Heat oil in a Dutch oven over medium-high heat. Add onion, and bell pepper; sauté for 5 minutes, stirring frequently. Stir in tomato and next 9 ingredients (tomato through broth). Bring to a boil; reduce heat, and simmer 15 minutes. Stir in hominy and chicken; cook 10 minutes or until tender.
Serve with lime wedges.

Fresh Salsa Verde

September 30, 2012

Whew, happy to be home from some business travel!  And ready to put the garden to bed for the year. Of course that means that while I was away the garden was busy starting over, kind of.  Bunches of green tomatoes on the vine; a few bush beans; and more peppers than I know what to do with.  I took out the tomatoes, beans and squash yesterday.  I’m going to give the peppers another week to finish what they’ve started.  So, that left me with lots of green tomatoes to deal with – but not enough to bother with the whole canning thing.  Salsa verde it is.

Normally salsa verde is made with tomatillos, but I’ve found that really green tomatoes work just as well.  It’s a great use for the tomatoes left on the vine at the end of the season.  The small ones are best because they have fewer seeds and other tomato gunk.  I had a few dozen green Juliet tomatoes that worked great.  The great thing about these is that they don’t have to be husked, cored, peeled or anything.  I quarter them and throw them in the food processor.  Add some garlic, cilantro, jalapenos and salt; pulse a few times; and you’re done.  Couldn’t be easier.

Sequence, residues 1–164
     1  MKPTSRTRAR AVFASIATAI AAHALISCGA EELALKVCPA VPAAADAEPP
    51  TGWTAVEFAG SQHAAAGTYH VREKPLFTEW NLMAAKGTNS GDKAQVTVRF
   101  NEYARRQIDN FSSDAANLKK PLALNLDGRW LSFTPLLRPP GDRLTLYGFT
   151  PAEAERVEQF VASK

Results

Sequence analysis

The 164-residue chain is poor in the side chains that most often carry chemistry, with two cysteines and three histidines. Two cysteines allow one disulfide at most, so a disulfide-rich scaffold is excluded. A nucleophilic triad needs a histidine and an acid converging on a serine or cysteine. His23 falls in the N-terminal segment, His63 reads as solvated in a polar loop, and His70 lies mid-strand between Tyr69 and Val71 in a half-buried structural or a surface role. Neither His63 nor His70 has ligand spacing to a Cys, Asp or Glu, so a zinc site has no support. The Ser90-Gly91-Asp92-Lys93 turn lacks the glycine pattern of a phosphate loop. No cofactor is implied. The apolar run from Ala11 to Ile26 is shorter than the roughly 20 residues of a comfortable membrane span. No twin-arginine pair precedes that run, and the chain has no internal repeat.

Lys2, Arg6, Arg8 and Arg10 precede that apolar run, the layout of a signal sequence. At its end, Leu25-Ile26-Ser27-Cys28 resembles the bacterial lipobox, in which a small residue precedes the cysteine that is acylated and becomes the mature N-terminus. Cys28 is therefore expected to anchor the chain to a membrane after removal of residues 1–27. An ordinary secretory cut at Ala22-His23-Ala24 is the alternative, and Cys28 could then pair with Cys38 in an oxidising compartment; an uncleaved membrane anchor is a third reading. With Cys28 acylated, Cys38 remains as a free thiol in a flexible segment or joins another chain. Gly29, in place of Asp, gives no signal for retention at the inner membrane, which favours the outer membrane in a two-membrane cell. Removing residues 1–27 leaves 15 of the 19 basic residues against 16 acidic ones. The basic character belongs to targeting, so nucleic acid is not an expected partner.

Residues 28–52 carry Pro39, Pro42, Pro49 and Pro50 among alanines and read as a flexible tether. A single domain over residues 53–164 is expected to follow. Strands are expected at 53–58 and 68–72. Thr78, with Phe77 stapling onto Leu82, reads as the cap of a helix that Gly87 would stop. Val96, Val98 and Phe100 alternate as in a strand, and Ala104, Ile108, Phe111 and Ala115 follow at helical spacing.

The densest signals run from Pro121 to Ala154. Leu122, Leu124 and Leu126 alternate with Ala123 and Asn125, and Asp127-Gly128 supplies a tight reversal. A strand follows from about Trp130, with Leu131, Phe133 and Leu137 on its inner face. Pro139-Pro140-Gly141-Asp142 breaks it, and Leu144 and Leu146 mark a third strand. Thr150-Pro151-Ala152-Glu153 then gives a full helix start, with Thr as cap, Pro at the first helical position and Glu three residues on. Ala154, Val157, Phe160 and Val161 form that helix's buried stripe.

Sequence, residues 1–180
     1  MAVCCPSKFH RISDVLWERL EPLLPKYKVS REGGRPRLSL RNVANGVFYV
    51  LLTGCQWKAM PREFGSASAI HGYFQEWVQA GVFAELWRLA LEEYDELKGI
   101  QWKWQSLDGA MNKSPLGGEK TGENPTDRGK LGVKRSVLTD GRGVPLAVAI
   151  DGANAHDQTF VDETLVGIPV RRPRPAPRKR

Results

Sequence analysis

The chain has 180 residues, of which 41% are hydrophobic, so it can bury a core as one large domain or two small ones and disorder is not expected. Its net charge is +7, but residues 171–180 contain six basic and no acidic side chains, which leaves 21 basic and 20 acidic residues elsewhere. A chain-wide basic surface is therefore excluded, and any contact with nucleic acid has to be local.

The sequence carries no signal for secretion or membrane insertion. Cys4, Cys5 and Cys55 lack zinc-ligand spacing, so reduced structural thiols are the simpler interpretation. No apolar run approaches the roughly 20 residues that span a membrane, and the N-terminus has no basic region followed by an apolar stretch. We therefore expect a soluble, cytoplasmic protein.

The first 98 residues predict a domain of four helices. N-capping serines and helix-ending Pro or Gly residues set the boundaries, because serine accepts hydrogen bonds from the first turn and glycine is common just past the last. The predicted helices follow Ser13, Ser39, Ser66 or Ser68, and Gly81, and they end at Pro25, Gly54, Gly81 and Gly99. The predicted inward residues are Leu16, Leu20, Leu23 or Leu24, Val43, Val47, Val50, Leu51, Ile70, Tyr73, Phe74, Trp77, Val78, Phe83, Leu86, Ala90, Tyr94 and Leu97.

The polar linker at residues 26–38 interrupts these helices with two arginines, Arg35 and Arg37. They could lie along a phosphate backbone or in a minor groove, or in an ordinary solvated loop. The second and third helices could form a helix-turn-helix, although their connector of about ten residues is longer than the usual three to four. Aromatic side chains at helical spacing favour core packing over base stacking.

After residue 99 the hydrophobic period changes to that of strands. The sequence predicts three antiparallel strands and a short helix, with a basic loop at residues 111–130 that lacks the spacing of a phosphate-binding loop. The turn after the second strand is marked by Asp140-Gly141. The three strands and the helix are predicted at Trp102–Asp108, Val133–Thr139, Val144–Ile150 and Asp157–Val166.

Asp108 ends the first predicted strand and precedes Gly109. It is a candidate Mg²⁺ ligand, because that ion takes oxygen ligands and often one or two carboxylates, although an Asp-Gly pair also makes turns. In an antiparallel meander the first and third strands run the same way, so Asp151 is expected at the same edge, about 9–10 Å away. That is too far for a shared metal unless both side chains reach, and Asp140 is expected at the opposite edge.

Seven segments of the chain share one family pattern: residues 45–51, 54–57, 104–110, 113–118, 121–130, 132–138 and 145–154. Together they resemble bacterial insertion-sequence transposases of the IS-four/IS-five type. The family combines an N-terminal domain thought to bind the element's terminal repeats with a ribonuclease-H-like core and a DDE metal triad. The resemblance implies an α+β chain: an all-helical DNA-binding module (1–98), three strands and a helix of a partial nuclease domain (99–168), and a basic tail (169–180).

It turns out a little briny; a little crunchy; a little sharp; and a beautiful bright green.  It’s perfect for a lot of things.  Feel free to eat it as is with chips.  I used 2 cups or so – half in white turkey chili and half as garnish – tonight for football watching.  I ended up with 6 half pint jars to spare and share.  Yum.  I’ll be using one of my jars with chicken or fish later this week I’m sure.  Try it with enchiladas too!